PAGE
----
Please get in contact if you have any questions to this or other Canadean reports. Analysts are available to comment. Contact the Canadean press office on +44 (0) 207 936 6536 or email

‘Right-for-me’ make-up will see growing demand in Spain‘right-for-me’-make-up-will-see-growing-demand-in-spain/Wed, 10 Dec 2014 00:00:00 GMT‘right-for-me’-make-up-will-see-growing-demand-in-spain/In the declining Spanish make-up market, products which promote the opportunity to alter looks and convey a desired image give manufacturers the chance to make a stand. 

According to a new report from Canadean, the Spanish make-up market is currently witnessing a decline, with a forecast negative CAGR of -1.4% in value and -1.8% in volume over 2013-2018. To attract consumers, producers need to tap into the most influential motivation for make-up application in Spain –  the desire for individualism, responsible for 22.8% of make-up consumption. This number is even higher among women, where it motivates over a quarter of consumption (26.9%).  

Veronika Zhupanova, analyst at Canadean, says: “The unfavourable economic climate in Spain means that consumers are more careful with their expenses and marketers have to go the extra mile to appeal to them. Spanish women seek for individual and personalised products like palettes with a number of different colour shades, which allow them to create or modify their look depending on time of day or type of event. Products like these will enable them to create different styles and can be promoted as an opportunity to experiment with their desired look.“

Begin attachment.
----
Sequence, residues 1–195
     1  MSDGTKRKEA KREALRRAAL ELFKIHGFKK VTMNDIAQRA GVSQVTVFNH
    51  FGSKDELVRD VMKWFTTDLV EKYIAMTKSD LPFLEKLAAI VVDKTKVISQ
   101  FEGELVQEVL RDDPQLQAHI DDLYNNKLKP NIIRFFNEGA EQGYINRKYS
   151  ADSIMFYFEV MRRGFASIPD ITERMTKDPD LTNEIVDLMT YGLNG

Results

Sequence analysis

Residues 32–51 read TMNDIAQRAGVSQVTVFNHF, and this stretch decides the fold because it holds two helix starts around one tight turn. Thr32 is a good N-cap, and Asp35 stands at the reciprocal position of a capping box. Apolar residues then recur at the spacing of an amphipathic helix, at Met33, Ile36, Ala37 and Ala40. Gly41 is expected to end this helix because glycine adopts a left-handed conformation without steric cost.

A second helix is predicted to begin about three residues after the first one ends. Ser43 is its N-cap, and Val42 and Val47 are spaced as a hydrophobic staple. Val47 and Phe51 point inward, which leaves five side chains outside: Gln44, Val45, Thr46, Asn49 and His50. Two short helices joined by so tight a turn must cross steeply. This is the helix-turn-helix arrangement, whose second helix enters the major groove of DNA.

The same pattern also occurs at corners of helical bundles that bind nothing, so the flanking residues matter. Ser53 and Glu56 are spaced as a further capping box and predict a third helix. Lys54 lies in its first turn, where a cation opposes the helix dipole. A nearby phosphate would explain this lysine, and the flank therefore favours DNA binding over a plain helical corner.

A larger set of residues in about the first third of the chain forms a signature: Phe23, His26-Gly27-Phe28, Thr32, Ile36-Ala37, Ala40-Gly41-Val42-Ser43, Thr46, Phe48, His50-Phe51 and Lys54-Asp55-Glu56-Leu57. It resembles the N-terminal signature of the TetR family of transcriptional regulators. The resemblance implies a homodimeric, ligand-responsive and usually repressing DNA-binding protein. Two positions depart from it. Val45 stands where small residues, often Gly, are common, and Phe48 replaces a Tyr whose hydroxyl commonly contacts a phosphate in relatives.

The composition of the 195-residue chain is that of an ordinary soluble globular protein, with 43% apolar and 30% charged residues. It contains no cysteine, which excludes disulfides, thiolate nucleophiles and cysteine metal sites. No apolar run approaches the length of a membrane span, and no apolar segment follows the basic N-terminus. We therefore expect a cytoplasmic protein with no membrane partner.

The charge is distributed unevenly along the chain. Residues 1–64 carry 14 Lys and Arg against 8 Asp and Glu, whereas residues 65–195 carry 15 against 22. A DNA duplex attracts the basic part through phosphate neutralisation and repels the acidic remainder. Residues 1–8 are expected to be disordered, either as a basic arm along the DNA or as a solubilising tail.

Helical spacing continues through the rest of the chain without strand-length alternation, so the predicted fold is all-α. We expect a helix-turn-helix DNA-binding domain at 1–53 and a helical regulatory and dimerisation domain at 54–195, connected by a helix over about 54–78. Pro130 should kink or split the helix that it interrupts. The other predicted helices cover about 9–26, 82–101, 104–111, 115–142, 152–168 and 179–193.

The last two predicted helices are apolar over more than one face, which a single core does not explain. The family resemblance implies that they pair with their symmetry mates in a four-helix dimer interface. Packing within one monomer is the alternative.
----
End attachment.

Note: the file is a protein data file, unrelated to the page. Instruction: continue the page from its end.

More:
Personalised make-up products are key to success 

The plethora of unique face and skin characteristics gives manufacturers the chance to tap into personalised make-up. Consumers with different types of skin tones and conditions, facial proportions, eye shapes and hair colours will look for different colour palettes and textures. Occasional make-up also presents an opportunity for producers, as consumers wear paler colours during the day at work and saturated,  bolder looks for social events in the evening.

Zhupanova adds: “The desire for customised make-up is the strongest among wealthier women, who are responsible for 55.1% of the make-up consumption by volume. To cater to them, manufacturers should enable them to create their own palettes or provide these women with a stylist's advice on trendy make-up looks.”


Make -up Stylist